We are using Splunk to monitor the traffic of our system, and i was asked to give a report for showing the moving maximum concurrency count in second level of the recent 30 days, for example:
There are 4 concurrency requests at "5/9/10 12:00:01"
There are 3 concurrency requests at "5/10/10 1:00:01"
... day -30
I want to have chart like this:
thanks in advance!
Indeed this is exactly the sort of use case that the concurrency command was added for:
Concurrency is only in 4.1. If you havent upgraded to 4.1 yet, it's possible there was a difficult and somewhat evil way of achieving the same thing with other search language and without
answered 19 May '10, 17:10
Seems to me you can use the
answered 19 May '10, 09:26
Thanks for your quick responses!
I just got a chance to try "concurrency" in my local, however the result wasn't make sense to me, the case i was using for testing is
"Showing the max concurrency count in second level of day '05/16/2010'"
and i tried to use two expression to figure it out:
the result was different, i'm not sure which one is right, do you think the expression i used is make sense?
answered 27 May '10, 10:16
I just counted the requests by using grep from the log file directly, seems you are right the first expression wasn't give the right answer here, so i have two questions for you:
a).why the first one is wrong, i'm stupid and i use it was because i saw an example from the document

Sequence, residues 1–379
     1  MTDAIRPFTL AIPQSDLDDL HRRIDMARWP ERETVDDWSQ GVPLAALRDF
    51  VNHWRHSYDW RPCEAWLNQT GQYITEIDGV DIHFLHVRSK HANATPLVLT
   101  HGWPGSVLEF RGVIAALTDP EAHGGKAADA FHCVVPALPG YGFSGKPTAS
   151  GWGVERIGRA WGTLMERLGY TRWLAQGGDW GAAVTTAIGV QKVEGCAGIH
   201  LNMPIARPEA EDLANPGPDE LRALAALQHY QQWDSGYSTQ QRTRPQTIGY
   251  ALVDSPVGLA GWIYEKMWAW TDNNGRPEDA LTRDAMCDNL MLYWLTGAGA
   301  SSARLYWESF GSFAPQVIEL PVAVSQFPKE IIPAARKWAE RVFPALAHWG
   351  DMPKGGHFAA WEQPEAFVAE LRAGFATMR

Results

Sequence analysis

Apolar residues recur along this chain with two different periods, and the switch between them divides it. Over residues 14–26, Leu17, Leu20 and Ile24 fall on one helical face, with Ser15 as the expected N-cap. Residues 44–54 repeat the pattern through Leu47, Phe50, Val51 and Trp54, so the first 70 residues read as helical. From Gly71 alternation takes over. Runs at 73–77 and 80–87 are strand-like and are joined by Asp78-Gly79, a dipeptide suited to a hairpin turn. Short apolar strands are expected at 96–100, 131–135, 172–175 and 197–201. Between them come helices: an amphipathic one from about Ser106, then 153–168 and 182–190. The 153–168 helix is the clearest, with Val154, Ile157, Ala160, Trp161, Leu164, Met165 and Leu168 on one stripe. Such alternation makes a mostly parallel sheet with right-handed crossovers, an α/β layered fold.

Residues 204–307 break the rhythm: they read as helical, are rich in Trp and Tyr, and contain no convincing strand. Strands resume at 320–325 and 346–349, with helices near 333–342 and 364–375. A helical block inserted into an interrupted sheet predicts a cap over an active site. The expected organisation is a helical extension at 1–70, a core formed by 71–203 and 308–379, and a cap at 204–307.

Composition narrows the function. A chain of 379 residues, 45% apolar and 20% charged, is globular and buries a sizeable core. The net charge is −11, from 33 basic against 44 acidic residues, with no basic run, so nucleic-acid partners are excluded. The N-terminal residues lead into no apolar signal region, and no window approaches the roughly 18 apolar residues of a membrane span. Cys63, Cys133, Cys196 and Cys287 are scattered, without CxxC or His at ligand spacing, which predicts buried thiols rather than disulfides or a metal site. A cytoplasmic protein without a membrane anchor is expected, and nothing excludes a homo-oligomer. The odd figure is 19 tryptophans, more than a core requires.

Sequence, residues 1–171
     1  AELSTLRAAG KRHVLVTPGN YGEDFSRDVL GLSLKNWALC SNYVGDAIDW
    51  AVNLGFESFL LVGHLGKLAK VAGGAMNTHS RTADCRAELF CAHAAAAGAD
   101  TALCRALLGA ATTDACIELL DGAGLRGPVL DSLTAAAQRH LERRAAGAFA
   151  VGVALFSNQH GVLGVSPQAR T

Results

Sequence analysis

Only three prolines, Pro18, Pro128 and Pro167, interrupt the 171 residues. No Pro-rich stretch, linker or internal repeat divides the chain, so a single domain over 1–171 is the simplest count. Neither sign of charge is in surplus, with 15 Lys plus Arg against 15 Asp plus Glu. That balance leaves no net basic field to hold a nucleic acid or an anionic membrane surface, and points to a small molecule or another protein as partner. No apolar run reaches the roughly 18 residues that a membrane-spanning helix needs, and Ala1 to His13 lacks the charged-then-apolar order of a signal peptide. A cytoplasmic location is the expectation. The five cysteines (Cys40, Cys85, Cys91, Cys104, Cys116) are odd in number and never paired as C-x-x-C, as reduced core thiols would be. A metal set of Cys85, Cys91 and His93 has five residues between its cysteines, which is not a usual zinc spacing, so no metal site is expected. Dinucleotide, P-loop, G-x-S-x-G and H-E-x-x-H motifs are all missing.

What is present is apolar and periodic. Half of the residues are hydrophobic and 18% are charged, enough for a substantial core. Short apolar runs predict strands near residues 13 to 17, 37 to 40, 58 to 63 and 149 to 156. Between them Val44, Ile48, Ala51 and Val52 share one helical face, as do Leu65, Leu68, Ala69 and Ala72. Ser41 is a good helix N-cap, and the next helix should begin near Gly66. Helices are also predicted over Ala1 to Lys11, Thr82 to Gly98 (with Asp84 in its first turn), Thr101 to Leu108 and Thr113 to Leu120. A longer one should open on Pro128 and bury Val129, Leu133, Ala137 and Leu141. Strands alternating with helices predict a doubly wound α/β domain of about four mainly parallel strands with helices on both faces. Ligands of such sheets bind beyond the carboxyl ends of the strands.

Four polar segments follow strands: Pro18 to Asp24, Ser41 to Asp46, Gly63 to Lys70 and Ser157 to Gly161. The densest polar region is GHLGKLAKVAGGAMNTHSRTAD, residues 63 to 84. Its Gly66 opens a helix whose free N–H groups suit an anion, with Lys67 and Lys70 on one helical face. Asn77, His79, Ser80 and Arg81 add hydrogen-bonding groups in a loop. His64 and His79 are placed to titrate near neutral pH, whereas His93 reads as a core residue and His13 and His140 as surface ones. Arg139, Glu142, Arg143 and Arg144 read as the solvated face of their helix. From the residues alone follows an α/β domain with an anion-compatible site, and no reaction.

so i think use it can put all events into discrete sets by using 1sec as time range, and then doing count for each set should get the right answer. ( i knew i didn't consider the ReqTime for calculating concurrency, however in my opinion, the result should match with the "grep")
b). If the second one is right, how can i set the range to 1 sec instead of 10 minutes
and what's the unit of "duration"? the unit of ReqTime is msec in our system.
answered 28 May '10, 02:55
This is a very interesting question and none of the answers actually get you to the full solution, where you find not only the top concurrency during the day, but when that occurred.
First you should note that the
Here's the first search, which will find the most recent occurrence of the top concurrency time of the day:
Now your actual search is a bit trickier since we may have many points in the day of highest concurrency:
The general recipe here is:
Note that this technique can be used on splunk_access.log data using the following search:
answered 20 Aug '10, 19:13
Stephen Sorkin ♦